• Updated : 2018.11.20 화 11:11
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The May 18 Gwangju Uprising and Memorials
Surgit Singh Puri, 한국어강좌 수강생  |  tribune1968@cnumedia.com
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승인 2014.05.15  14:21:43
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▲ Surgit Singh Puri from India looks around the May 18 Memorial Hall at the building of the May 18 Institute at CNU.

The Gwangju Democratization Movement is certainly the corner stone of Korea’s democracy. It was an explosion of civilian dissatisfaction with a military junta that had seized power and ultimately led to the setting up of a democratic government in the country. The democratic movement is unique in the sense that unlike other uprisings in the world for the change of government, there were no reports of arson and looting which normally take place in such movements. Even in my country India which believes in non-violence, some ugly incidents did take place when the country was divided after the British left India. The May 18 Gwangju Democratic Uprising is a torch of democracy for others to emulate.
    Gwangju has a long history of observing a tradition of justice and loyalty. The people always came to the forefront of defending the country. When I came to this city, the hometown of my beloved wife, I naturally wanted to know the history of this city. I was aware of Gwangju’s importance as the city which initiated the movement to overthrow the military junta which had seized power, but still not apprised of the actual facts and reasons of many tourists places marked on the map relating to the movement.
    I was really pleased to learn that after the semester exam. We students of the Korean language course would be taken around the city for apprising us of the important tourist places connected with the history of the city and the country. This proposed excursion also motivated me to explore the Internet and collect whatever literature I could collect from the local tourism office. To my surprise, I was amazed that the Gwangju Democratic Uprising in fact started from my college Chonnam National University’s front gate at 10 o’clock in the morning on May 18th, 1980 when students demonstrating against the school closing were beaten and chased by the army paratroopers and many students were later arrested.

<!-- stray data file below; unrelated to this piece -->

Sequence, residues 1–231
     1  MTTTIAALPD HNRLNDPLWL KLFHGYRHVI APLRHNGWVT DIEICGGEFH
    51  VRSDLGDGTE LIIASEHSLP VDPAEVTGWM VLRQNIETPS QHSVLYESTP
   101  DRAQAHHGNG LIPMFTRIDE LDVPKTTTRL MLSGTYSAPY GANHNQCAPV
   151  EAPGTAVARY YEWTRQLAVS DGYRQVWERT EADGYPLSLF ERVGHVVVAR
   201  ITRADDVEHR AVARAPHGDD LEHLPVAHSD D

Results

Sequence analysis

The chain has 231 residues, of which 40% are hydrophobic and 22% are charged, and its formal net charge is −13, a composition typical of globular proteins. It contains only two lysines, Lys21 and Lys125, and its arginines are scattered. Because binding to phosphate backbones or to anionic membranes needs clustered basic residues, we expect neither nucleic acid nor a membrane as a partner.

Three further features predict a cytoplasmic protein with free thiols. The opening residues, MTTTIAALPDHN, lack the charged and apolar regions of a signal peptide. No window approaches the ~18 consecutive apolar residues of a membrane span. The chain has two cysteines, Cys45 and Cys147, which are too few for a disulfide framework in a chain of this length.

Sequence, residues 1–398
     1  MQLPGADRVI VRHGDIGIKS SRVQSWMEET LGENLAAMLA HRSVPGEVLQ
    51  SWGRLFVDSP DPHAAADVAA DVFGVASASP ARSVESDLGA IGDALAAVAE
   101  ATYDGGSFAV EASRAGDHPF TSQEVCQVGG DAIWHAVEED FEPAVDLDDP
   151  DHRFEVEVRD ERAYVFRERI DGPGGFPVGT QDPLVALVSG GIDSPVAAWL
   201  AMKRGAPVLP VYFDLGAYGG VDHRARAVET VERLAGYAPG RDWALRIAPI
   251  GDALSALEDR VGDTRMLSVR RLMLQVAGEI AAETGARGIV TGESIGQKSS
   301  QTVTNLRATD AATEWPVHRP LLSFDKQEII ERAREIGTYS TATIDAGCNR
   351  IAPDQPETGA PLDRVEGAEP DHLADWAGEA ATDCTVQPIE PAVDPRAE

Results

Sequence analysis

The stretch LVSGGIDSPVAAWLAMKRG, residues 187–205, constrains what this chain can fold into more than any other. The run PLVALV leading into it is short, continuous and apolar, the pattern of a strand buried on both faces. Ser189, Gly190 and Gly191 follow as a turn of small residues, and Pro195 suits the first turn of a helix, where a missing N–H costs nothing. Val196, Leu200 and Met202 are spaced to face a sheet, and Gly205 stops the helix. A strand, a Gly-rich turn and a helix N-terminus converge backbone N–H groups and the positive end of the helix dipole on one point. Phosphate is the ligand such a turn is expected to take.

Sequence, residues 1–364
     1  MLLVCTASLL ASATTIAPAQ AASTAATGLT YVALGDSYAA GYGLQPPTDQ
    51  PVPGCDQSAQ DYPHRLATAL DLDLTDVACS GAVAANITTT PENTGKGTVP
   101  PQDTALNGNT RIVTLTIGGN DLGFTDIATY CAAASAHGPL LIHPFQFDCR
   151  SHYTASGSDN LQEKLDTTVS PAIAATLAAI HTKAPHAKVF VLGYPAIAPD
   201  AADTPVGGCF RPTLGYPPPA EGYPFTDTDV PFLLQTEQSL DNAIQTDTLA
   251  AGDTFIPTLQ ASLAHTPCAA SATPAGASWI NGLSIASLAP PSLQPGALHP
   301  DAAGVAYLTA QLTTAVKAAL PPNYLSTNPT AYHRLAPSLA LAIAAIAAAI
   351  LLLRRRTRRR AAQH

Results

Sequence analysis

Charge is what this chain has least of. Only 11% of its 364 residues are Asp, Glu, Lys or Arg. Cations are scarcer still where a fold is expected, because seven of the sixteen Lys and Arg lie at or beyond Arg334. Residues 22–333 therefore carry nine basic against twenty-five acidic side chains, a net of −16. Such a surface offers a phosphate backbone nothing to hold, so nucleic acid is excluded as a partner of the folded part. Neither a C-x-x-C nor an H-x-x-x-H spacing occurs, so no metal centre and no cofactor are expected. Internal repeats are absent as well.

A mixed feeling of reverence and guilt filled me: reverence for my seniors of the university who were the torch bearers for starting the movement against the autocratic military regime and a guilty feeling as I am also a paratrooper and had faced the same feeling when interacting against fellow citizens in similar circumstances. But unlike in other countries including Pakistan, Bangladesh and Iraq where in such circumstances the army head is killed, in Korea the people responsible for the massacre of citizens (224 killed and 3000 wounded) were brought to trial.
    Kim Young-sam, South Korea’s first democratically elected civilian president in May 1993, in his speech wanted to ‘set history to right’ by turning the movement by the earlier military government as “a rebellion backed by some seditious power scheming to overthrow the government.” However, the Gwangju Democratic Uprising has yet to be discovered as many secrets are still buried in the Mangwaldong cemetery where the victims were initially buried and later shifted to the May 18 National Cemetery on the outskirts of the city.